Yesterday, in the bottom of the ninth, the Boston Red Sox plated two runs in a furious rally to come within one run of the Toronto Blue Jays. Travis Shaw doubled in Dustin Pedroia to make the score 4-2. That was followed by Hanley Ramirez driving in Shaw and the score was 4-3.

With Chris Young on deck, John Farrell decided to have David Ortiz pinch hit. Without getting into a discussion of whether clutch hitting truly exists or not, Big Papi does have a history of getting some big hits at big moments for the Sox.

With a 2-2 count, Drew Storen pumped a 93 mph sinker in to Ortiz, who took it thinking it was ball three. You can watch it here. In the video feed, from the Blue Jays’ broadcast, the pitch is shown to have just tucked inside the top of the zone. Ortiz, everyone in the Sox’ dugout, and every member of Red Sox Nation disagreed, myself included.

I might be biased; I might want to see another walk-off hit from Ortiz. However, when you look at PITCHf/x information, we might have a valid argument.

This is not the most egregious or awful example of a bad call by an umpire, but it’s the one that got me to thinking of starting this series. Aside from a marginally bad call killing a rally, it also created a new ‘first’ for Ortiz; one he didn’t want to achieve. This was the first time in his career that Ortiz was called out looking in a potential walk-off situation. It’s pretty incredible that has never happened to him before, but it sucks that it happened on a call that should have gone the other way.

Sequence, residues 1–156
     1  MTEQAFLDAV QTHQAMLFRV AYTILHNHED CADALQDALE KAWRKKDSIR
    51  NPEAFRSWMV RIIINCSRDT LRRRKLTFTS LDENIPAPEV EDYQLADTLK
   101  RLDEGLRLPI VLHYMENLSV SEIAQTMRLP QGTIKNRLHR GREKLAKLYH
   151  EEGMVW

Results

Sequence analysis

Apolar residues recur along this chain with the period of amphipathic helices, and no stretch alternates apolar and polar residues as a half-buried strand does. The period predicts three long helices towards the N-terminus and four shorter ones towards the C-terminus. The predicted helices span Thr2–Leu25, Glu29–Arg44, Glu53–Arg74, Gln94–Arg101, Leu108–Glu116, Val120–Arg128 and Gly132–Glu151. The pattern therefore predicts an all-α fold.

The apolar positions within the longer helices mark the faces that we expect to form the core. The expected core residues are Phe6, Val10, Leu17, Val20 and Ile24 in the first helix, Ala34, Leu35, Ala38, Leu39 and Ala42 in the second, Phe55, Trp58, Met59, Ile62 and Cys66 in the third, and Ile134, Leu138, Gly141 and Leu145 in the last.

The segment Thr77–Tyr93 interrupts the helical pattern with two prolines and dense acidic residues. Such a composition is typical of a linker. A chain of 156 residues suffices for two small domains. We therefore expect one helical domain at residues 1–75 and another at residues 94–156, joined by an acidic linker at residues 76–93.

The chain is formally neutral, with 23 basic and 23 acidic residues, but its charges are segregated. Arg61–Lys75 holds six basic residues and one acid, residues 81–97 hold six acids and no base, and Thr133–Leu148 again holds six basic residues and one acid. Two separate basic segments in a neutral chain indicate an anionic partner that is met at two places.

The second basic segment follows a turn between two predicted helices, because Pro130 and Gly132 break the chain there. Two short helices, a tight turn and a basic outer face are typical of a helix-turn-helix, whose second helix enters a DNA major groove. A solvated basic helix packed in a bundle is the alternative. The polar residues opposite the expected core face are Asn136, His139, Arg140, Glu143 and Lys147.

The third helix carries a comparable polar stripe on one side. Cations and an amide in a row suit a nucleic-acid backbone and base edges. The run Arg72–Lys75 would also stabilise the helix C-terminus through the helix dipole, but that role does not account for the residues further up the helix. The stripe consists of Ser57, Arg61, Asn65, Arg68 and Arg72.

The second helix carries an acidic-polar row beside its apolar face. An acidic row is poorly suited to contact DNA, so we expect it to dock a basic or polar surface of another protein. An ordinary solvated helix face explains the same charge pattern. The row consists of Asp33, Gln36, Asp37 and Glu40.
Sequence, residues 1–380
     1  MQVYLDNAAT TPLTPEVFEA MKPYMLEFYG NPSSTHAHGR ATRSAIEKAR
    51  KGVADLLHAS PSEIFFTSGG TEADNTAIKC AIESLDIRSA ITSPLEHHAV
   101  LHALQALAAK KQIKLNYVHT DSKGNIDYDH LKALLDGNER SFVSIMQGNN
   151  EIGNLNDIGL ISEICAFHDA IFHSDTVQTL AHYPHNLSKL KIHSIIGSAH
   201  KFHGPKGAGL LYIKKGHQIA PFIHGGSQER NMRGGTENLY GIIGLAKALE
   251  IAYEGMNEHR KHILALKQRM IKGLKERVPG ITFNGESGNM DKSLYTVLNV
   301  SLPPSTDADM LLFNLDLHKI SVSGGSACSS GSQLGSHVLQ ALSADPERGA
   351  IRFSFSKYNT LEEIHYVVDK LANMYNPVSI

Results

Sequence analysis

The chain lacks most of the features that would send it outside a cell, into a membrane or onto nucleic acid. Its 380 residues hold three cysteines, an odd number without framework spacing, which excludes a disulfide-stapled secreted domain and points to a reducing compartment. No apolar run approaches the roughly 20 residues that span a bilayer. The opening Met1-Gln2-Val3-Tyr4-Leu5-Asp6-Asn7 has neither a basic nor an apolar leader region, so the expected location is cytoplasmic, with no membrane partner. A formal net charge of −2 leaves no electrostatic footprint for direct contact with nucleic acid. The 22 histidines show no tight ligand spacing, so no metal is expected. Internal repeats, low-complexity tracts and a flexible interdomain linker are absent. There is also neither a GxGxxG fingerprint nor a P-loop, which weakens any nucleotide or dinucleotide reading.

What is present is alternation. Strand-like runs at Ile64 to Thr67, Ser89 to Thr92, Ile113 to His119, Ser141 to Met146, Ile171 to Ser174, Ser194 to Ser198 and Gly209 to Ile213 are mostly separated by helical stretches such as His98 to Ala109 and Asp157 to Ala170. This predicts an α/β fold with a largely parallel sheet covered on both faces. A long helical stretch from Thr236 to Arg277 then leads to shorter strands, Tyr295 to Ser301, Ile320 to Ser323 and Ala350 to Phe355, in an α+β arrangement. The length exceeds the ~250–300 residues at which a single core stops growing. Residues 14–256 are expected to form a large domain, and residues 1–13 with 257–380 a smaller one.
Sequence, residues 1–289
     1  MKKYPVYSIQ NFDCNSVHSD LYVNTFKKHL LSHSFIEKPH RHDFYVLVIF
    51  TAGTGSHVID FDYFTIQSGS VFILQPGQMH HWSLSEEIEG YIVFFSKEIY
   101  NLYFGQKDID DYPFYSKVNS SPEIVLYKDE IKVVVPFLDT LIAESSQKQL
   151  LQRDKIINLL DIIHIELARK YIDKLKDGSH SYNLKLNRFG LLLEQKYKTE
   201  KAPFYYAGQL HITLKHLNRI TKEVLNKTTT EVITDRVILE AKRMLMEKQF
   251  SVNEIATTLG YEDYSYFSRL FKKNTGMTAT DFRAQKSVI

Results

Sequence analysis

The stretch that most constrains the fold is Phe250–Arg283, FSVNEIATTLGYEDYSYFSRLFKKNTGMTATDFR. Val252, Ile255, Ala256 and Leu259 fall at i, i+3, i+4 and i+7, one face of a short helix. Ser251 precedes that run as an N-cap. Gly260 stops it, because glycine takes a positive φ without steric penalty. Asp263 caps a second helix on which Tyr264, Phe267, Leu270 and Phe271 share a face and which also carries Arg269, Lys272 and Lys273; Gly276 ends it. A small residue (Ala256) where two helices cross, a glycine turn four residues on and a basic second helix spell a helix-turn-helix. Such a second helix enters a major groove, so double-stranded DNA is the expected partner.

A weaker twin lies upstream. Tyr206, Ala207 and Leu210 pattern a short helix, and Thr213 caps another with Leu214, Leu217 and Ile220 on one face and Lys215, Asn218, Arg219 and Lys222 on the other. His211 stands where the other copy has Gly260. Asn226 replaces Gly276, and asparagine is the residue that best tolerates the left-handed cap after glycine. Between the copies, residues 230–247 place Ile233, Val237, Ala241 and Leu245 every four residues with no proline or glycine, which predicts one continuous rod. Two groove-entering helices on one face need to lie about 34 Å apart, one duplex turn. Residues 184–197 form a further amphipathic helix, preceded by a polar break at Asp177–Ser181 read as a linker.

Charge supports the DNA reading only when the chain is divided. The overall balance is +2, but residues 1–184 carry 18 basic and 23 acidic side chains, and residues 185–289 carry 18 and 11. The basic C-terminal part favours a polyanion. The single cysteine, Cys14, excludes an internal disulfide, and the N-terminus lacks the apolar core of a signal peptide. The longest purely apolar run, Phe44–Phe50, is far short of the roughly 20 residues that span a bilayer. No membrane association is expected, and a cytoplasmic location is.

A so-called robot umpire, utilizing PITCHf/x technology would have gotten the call right. Maybe that wouldn’t change the outcome of the game, but that’s almost irrelevant. A hitter with Ortiz’s pitch recognition doesn’t let strike three sail by in that high import situation, but he’ll certainly let ball three go past.

Using technology in baseball is not just about amassing heaps of data for sabermetricians to use in analysis of the game. Available technologies should be implemented to aid in making strike zones consistent, fair, impartial and balanced.

So, if you see #RobotUmpsNow spray-painted on a wall somewhere, it wasn’t me, but I agree wholeheartedly.

About The Author

Growing up in Seattle in the mid- to late-70s, baseball lay in the shadows of many young kids' interests, as the fledgling Mariners were barely a blip on the sports radar. As a teenager, I fell in love with a powerhouse SuperSonics team and was later to have my basketball heart ripped out. My love of baseball came slow, but am now a frothing fanatic. My first love is the Boston Red Sox (no bandwagoning here! I fell for them in '99), but I also cheer on the Mariners.

Related Posts

2 Responses

  1. C_Town

    I find it interesting how the writer only brings up the Ortiz strikeout, when there are multiple examples in this series from the other side of the field. How about Bautista’s “strikeout” in game 2? Or Pillar’s in game 1? Both pitches were clearly outside (Pillar’s was low as well), and both killed the Blue Jays’ momentum.

    • Gabriel D. Bogart

      I hear your comment and agree that there were subjective and inconsistent calls on both sides. The real point was to examine one “bad” call at a time, regardless of the team or my fan affiliation. Yes, I root for the Red Sox, which certainly influenced my choice. In the end, the deciding factor had to do with that being the first time Ortiz was called out in a potential walk-off situation in his career. The hope is to have a series of these articles for as many teams and players as possible. Thanks for reading.


Leave a Reply